When EU boats are built for the US market, they might do it differently, I am not sure about that.

I clearly mentioned the requirement for the RCD with some setup's and a warning to use an electrical engineer for system design in my post.

cheers,
Nick.
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Old 26-10-2009, 15:33   #24
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Wayne,
The marina we are moored now has transformers within 100' of the dock. But on my power-post, I measure 40V AC between ground and neutral. And this is a modern marina, the kind with floating concrete docks etc.
Nick Wow I would not plug into that source at all I would insist they fix it or move. No wonder you need more zinc. But this is what I am talking about when I say fix the source of the problem. And yes I know there are times it cannot be avoided so I agree 100% about the isolation transformer that really is the way to go. Here in the US that could be reported to local authorities an they would force a repair. That type of thing could kill a swimmer in the water. But of course this forum covers many areas. So yes for any boat cruising unknown ports the isolation transformer is really the best solution.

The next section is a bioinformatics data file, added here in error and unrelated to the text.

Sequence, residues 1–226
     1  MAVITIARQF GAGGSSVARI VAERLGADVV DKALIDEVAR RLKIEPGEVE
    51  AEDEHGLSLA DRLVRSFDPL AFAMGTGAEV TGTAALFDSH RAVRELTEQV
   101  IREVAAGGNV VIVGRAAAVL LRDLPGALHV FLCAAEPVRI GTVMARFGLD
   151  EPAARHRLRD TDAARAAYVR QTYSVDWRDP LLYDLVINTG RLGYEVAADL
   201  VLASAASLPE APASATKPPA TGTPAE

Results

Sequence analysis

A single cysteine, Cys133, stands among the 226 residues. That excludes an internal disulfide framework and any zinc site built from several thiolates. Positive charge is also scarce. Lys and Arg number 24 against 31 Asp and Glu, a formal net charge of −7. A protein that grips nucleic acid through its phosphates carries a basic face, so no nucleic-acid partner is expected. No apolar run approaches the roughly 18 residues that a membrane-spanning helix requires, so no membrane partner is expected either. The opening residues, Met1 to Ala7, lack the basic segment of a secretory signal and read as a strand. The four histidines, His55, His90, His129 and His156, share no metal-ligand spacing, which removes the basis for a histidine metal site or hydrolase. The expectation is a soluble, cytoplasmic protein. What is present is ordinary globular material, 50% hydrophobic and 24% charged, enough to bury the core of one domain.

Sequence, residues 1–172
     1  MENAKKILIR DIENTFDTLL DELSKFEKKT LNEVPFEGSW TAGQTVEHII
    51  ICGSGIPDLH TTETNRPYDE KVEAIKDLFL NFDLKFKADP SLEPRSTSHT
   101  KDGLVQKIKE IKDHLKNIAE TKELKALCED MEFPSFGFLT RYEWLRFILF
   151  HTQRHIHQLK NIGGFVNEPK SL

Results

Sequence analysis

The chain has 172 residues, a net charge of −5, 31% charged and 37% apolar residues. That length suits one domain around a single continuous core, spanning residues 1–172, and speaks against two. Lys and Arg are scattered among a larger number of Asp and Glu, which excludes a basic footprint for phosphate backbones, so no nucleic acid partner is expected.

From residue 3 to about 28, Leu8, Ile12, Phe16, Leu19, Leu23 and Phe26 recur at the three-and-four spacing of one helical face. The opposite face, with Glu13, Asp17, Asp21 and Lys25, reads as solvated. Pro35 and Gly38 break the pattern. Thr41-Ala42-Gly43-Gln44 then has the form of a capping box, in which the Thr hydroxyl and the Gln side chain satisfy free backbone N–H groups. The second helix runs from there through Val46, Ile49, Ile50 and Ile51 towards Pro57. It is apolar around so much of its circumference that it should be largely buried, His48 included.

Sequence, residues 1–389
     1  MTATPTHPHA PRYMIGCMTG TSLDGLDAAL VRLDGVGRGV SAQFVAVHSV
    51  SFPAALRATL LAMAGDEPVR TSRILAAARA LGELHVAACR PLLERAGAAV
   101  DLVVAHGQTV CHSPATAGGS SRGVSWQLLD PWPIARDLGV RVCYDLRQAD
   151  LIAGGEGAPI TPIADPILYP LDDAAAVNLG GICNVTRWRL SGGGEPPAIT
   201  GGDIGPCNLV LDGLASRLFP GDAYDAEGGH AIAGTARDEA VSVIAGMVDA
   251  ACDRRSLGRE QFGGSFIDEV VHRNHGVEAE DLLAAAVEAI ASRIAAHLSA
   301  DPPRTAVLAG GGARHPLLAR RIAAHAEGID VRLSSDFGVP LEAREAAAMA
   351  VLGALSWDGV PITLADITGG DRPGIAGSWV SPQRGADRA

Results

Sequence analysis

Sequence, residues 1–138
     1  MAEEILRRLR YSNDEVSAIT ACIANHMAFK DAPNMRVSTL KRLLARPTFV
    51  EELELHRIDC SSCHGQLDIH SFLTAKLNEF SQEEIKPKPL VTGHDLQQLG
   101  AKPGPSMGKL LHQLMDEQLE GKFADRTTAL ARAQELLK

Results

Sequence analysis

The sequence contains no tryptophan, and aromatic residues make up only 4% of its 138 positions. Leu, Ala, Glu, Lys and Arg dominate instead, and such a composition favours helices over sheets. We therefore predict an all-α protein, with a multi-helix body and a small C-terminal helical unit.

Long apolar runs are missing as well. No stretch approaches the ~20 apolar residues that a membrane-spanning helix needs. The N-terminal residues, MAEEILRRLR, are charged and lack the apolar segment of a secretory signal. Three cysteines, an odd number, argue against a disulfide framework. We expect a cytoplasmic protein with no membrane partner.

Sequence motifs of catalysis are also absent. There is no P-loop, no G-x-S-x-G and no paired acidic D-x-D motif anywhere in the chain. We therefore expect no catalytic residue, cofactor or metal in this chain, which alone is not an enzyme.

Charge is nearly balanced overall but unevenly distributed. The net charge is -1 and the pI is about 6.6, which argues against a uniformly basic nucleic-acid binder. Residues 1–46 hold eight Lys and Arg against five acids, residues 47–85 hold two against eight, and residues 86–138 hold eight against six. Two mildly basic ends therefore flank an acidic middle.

And you are right about the RCD ABYC has just adopted this as of July 1st this year so you will see US boats with it. I just do not want readers without these items and with older boats which I would guess is the majority of the readers to think it is safe to not have the 2 grounds connected.

I do not think a properly wired boat is at much risk moored next to another boat with problems as long as they are not on the same power source meaning the shore power. A boat at anchor is not likely to have problems.

Part of the problem is we are really talking about 2 different things here stray currant corrosion and galvanic corrosion. Hard to separate them at times. But they are different.